A growing number of key California cities are a lot worse off than previously thought, thanks to new changes coming in the way state and local governments must account for their pension costs.

The pension changes from Moody’s, and separately the Governmental Accounting Standards Board, scheduled for this month, could result in Los Angeles, San Francisco, San Jose, Azusa and Inglewood joining fiscally troubled Stockton and San Bernardino, among others, as severe credit risks. It's all largely due to soaring employee retirement costs, according to new analysis based on the methodology by Bob Williams and his team at State Budget Solution (SBS), a non-partisan organization that studies state budget crises. 

The new rules could nearly double California’s unfunded liabilities to $328.6 billion. Moreover, California cities that have already filed for bankruptcy protection, like Stockton and Vallejo, will fall deeper into the red. 

Officials in these California cities did not return calls for comment.

Government retiree costs to date have been improperly underreported nationwide to taxpayers, says Moody’s. New government rules in effect at the end of this month from the Governmental Accounting Standards Board seek to fix this problem, which could show California is worse off than expected. A growing number of Senators also now warn these pension costs could result in a taxpayer bailout of the states.

California state officials are slowly waking up to the fact that it is expensive to pay for urban sprawl, as it causes city services to be spread far and wide throughout the state at high taxpayer expense. Talk of “technically bankrupt” or cities in “service insolvency” is growing, whereby cities in California are under delivering on public safety, education, and health services.

California Dreaming

New standards from Moody’s and new government rules in effect by the end of this month come as cushy pension stories continue to pour out of California.

One retiree in the County of Solano pulls in nearly $371,000 a year in retiree pay. Nearly 12,200 government retirees get $100,000 a year, including 94 city retirees in Stockton.

A retired librarian in San Diego somehow gets a $234,000 annual pension. A Newport Beach lifeguard got to retire at age 51 with a $108,000 annual pension plus health-care benefits.

California Pension Costs to Nearly Double

Moody’s new credit standards for public pensions would nearly double the unfunded liabilities for state and local pension plans in California to $328.6 billion from $128.3 billion, says the California Public Policy Center, based on state data. That cost potentially amounts to $8,600 per state resident, it says.

Moody’s has already placed 30 California cities on review for possible downgrade, including Azusa and Inglewood (for full list, see bottom). California has the second lowest credit rating at Standard & Poor’s of all 50 states; Illinois now has the worst. Moody's new standards would drop the funded status of these plans to 64%, versus a previous estimate of 82%, the Center said.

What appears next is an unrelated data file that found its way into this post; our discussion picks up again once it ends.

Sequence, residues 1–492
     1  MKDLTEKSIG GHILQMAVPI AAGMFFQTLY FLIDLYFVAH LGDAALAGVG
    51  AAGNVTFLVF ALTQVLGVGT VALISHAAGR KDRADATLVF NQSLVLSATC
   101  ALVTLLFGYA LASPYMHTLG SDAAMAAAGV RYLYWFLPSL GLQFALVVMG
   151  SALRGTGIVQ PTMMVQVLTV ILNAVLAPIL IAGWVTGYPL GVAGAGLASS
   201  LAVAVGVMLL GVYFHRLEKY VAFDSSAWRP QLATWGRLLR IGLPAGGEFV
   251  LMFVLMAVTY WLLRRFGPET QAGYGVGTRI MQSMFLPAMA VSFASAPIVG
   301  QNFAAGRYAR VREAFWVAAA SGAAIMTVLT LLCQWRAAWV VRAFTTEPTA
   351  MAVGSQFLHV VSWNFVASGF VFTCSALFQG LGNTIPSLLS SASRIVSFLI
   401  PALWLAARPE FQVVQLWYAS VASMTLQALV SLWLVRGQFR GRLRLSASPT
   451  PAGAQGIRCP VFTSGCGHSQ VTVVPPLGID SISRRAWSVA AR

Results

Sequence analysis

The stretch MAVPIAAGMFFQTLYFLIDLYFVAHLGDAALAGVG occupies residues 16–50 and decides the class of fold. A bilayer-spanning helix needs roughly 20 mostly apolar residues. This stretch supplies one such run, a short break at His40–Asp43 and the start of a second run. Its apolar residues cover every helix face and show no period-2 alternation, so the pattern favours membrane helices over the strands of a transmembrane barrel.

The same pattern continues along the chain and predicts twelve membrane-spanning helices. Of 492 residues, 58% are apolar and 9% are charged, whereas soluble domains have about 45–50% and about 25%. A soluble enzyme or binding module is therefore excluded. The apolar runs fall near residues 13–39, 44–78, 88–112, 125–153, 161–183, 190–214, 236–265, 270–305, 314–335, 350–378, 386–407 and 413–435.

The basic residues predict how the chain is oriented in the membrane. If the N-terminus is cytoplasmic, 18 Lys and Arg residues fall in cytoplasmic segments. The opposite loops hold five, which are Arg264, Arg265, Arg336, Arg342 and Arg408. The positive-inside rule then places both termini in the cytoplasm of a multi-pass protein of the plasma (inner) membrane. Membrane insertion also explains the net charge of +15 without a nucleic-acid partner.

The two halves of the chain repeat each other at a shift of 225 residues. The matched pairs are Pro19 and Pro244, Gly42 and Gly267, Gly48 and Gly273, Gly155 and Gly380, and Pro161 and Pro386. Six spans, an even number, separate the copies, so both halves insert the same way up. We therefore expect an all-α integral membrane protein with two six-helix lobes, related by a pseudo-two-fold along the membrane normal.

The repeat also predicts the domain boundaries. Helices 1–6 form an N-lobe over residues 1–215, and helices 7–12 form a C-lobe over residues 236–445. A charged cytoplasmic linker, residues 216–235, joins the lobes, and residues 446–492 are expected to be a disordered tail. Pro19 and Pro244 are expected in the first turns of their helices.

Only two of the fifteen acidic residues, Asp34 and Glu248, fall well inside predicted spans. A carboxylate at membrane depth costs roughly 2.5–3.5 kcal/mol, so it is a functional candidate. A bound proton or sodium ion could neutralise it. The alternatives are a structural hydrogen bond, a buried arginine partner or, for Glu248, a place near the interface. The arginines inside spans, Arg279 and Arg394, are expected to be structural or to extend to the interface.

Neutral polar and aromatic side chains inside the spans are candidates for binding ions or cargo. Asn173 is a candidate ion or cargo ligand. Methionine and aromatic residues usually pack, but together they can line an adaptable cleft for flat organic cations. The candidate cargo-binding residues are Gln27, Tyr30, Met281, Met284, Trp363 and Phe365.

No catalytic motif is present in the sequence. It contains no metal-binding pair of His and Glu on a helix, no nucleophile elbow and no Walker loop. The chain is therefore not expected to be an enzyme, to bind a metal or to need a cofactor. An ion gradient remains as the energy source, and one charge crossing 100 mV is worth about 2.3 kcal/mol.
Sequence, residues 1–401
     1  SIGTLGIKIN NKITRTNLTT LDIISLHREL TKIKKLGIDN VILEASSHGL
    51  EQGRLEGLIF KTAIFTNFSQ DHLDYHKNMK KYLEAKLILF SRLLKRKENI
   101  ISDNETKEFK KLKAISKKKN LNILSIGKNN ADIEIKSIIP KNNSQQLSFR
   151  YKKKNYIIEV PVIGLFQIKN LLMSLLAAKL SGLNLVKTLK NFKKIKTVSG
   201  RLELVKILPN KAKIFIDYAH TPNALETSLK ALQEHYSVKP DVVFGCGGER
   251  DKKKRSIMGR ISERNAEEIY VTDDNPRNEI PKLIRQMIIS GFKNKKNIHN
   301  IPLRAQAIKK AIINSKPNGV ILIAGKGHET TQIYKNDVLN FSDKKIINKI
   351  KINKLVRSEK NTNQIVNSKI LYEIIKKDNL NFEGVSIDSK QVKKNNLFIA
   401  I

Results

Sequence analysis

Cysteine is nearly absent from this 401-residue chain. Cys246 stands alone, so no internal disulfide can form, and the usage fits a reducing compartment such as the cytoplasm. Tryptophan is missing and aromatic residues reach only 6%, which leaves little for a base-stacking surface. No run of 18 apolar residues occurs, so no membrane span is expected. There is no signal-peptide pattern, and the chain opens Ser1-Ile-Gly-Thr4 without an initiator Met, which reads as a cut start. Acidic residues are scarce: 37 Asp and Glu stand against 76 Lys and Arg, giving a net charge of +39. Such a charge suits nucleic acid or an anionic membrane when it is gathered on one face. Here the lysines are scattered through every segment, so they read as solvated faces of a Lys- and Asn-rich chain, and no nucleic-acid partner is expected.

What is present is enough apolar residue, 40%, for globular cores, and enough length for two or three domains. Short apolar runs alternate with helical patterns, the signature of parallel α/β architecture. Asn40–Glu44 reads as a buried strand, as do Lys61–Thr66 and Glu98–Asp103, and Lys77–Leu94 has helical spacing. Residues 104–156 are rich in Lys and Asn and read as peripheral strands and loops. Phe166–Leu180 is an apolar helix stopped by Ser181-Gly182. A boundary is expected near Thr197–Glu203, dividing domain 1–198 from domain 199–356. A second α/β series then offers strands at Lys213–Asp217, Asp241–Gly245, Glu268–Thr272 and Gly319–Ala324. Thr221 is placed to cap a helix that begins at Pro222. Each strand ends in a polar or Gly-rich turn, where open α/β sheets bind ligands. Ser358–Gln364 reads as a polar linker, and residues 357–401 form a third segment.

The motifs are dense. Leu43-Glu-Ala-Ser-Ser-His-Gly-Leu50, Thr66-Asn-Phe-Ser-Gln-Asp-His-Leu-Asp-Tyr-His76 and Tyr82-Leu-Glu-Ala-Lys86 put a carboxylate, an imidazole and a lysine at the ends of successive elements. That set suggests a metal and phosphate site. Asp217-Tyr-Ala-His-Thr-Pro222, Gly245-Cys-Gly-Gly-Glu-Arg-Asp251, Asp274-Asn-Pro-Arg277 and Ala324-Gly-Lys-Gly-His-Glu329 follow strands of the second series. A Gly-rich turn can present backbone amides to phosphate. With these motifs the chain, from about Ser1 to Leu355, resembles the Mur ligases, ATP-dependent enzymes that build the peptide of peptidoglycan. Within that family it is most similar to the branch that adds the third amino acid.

A report from Republicans on the Senate Joint Economic Committee last September estimated that overall, government retiree obligations nationwide are running as high as $3.5 trillion.

States Come Knocking

Outsized pension costs now drive the states’ fiscal crises, even before health reform puts more pressure on the states. Federal aid already amounts to almost 30% of states’ total revenues, the Senate report adds.

“By standard accounting methods, some state pension funds will run out of assets within as little as five years,” the Senate report said. “When the states with the worst pension systems come knocking at Washington’s door for a bailout, it will ultimately be taxpayers in more prudent states who will pay for the recklessness of the negligent states.”

New Rules

The GASB rules will force state and local governments to stop burying their pension costs in their financials, and show investors upfront what they owe.

The new rules would also require governments to report more realistic, lower expected rates of returns on their pension assets, instead of the often overstated returns they now use to paper over holes in their plans blown out by bad investments, among other things.  It will not force governments to do more in the way of funding these plans, notes Richard Dreyfuss, senior fellow at the Manhattan Institute’s Center for State and Local Leadership.

Downgrades Coming?

Moody’s Investors Service has revamped its credit assessment methodology for evaluating the health of all public employee retiree benefit systems, which could trigger more downgrades as well.

The California Public Employees' Retirement System, the country’s biggest public pension fund, uses a 7.5% return target. Moody’s says it is lowering the assumed rate of return for all plans to 5.5%.

Downgrades typically increase borrowing costs and can hurt a city’s attempt to borrow in the bond markets. Higher interest rates often result in higher local taxes; spending cuts; or fewer bonds issued.

“These figures signal the desperate need for states and municipalities to begin recognizing the enormous size of their pension obligations,” said SBS President Bob Williams. Los Angeles and San Jose rank down there with Stockton and Vallejo in terms of public pension plan funding levels under Moody’s new rules, Williams says.

Whitney Doesn’t Believe California